It took no time at all to get to the centre of the village and there was only one tavern to see, The Black Bat. A small place, filled with the gentle hum of conversation and merriment. The main room was lined along one wall with a well stocked bar. In the centre of the room was a large fire-pit and about a dozen tables sat around it in a circle. Half the tables were occupied. Some farmers obvious by their mud stained clothes, a group of older men that had the look of tradesmen and in the far corner a rowdy bunch of young looking soldier types. Most likely on their way to the Wound, he winced as he remembered the laughs and tales of glory that drew him there. Itguar took a seat at the bar and the innkeeper, a slightly built man with a wild ring of bright white hair around a pink shiny pate, greeted him with a friendly nod.
“I’m Sheb and welcome Stranger to the Black Bat” he said through a genuinely warm smile “What can I get for you?”
“A cool flagon of whatever you’d recommend will slake a man’s thirst and large plate of whatever you’d recommend for a hunger that’s been growling all week”
“Ah, we have just the stuff you’re looking for” he smiled again “take a seat near the fire and my daughter will bring your fare”
Sheb’s daughter was a homely girl called Barwen. She was perhaps a year or so younger than Itguar, with an explosion of fiery red hair that looked as if it had soundly defeated her comb or brush. She bought over a flagon of ale that was creamy smooth and tasted of deep malt tinged with a tickle of fruity hops. The crusty pork pie was the best thing he could remember eating. He sat quietly at a table, drinking slowly and letting his muscles unknot in the warmth of the fire. When Barwen came to offer another drink he gladly ordered some more ale and asked if there were rooms and baths for rent. They didn’t have a bath but she said he could to sleep in the main room when the bar closed. Her beaming smile meant she could have offered a bed of spikes and he’d have happily accepted. As the evening wore on the jollity rose and at one point, although he couldn’t be sure, he thought that Barwen blushed when he caught her staring at him. If he wasn’t staring at her he wouldn’t have noticed. Under his beard he felt his cheeks flush red. After two ales he switched to water, he didn’t enjoy the dizzy feeling and thumping headaches the following mornings. But as the ale flowed around the rest of the inn, some of the older tradesmen called for the farmers to sing. With much gusto and surprising harmony the farmers burst into song. Old standards at first, then as their inhibitions dropped the songs turned comical. With much laughter and encouragement the farmers then rolled out a trove of bawdy tunes. Itguar particularly chuckled at the song about a young maid called Carey Honey.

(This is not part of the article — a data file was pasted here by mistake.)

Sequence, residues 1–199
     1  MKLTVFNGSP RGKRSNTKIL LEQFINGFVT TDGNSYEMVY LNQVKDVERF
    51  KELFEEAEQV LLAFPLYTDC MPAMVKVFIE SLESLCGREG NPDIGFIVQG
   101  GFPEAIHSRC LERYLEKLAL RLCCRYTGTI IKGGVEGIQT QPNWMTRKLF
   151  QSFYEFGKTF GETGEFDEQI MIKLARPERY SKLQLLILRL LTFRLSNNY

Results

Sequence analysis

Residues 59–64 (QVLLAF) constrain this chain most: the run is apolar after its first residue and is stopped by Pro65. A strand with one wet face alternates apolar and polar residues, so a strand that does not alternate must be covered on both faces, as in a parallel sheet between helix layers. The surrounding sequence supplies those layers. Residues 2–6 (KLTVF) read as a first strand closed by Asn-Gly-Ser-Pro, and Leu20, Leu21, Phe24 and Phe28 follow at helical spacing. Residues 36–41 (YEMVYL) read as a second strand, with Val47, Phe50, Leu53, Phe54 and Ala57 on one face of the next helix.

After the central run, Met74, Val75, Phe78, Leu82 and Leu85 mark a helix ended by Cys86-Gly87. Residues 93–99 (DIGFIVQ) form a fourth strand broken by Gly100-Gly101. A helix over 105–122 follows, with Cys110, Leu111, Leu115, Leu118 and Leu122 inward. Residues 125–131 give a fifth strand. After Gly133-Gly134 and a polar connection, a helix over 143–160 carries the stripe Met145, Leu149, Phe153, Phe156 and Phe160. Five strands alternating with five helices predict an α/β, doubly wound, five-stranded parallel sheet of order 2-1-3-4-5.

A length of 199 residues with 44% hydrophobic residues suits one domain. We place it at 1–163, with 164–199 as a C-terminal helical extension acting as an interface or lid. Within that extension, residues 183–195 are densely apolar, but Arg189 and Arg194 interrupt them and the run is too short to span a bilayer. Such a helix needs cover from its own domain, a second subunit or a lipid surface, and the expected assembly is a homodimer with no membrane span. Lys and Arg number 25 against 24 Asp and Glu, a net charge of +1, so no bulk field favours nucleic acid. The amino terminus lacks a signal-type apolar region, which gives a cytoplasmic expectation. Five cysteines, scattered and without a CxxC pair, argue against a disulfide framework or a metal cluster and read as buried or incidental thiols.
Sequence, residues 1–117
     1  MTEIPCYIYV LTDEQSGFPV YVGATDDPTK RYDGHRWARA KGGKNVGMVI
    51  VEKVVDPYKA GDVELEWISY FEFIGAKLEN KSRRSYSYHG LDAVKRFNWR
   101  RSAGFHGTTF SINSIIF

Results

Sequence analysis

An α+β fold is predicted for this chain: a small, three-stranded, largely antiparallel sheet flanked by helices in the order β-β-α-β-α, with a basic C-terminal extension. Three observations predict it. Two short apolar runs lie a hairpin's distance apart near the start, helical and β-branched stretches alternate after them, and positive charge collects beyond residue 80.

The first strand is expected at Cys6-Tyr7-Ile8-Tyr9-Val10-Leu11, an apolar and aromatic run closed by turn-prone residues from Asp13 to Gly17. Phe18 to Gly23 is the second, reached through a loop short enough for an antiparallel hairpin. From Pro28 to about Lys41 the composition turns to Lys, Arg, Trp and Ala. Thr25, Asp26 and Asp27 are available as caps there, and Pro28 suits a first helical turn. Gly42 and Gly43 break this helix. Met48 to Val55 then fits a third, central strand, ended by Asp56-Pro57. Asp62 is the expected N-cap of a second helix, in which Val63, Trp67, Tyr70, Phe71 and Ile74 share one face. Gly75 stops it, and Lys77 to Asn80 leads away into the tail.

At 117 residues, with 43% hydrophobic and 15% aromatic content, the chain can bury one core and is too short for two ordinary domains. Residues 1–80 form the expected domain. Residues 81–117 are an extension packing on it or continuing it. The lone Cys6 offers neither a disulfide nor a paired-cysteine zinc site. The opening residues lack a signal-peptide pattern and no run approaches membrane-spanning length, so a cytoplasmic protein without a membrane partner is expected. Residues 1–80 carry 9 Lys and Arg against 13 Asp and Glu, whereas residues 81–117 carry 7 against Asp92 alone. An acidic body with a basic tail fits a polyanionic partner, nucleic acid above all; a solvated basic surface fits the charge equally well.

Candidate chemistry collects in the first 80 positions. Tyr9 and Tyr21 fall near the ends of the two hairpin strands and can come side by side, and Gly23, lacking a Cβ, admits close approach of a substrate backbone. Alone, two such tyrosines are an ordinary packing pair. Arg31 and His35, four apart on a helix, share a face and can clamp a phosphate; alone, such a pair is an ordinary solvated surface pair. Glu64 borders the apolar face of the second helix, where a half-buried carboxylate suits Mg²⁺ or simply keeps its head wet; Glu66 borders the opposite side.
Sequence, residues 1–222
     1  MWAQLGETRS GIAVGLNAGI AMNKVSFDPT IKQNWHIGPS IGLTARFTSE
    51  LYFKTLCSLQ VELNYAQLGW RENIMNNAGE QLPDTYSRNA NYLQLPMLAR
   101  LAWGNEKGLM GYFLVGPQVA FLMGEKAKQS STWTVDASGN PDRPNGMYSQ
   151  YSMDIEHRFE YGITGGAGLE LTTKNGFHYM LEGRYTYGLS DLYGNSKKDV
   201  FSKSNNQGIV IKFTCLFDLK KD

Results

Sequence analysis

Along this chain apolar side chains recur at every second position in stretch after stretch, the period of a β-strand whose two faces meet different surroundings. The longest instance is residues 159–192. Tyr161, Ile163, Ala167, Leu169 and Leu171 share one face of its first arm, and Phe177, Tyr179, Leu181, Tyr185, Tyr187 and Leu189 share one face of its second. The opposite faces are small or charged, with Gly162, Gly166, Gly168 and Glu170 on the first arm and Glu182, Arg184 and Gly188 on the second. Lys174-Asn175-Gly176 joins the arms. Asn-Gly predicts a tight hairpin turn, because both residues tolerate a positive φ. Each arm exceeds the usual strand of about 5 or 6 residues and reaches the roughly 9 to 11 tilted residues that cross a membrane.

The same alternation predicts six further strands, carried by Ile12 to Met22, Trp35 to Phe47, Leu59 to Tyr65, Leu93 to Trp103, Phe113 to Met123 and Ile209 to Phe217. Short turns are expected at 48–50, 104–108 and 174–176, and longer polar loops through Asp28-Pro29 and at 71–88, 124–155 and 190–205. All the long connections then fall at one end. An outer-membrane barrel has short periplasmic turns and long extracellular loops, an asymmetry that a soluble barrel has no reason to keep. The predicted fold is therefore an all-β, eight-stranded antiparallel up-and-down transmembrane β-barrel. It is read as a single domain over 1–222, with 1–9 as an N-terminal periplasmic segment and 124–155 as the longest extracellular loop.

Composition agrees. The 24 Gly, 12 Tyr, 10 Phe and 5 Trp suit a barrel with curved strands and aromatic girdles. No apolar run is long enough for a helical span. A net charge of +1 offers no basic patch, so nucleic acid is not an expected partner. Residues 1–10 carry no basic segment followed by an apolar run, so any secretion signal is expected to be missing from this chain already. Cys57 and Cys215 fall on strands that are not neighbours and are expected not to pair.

Suddenly a scream cut through the laughter and singing, The Wound left a man with lightning reflexes and Itguar instantly turned to see Barwen being pushed onto a table by one of young drunk soldiers. He instinctively leapt up and stomped through the fire pit in the shortest route to the trouble. With a burst of orange embers he arrived behind the soldier who had a hand full of Barwen’s fiery hair. He stamped on the back of the assailant’s ankle, dropping him to his knees in front of the table. A sharp shove on the back of his head slammed it into the table with a red burst as lips smashed on the wood and a crunch as teeth snapped out of their sockets. The recruit fell unconscious in a heap at Itguar’s feet. His comrades spread out and took a step back drawing their swords. The sound of steel stopped instantly hushed all other noise in the inn. All eyes swung to see the bearded stranger standing in front of the armed soldiers. Itguar put his hand on his sword grip then spoke deliberately and softly, almost whispering.
“If I draw this one of you will die, maybe more. I may die too, but things tougher and scarier than you have never made that happen. You have a choice, life or death”
He fixed them with an iron stare, and could see them weighing their chances. Unable to hold his gaze, their bluster folded and meek as lambs they sheathed their swords, picked up their friend and left the tavern.
Sheb rushed over and after making sure Barwen was ok, he shook Itguar firmly by the hand. “A cool head on those young shoulders son, we could use a man like you here. Fancy a job?”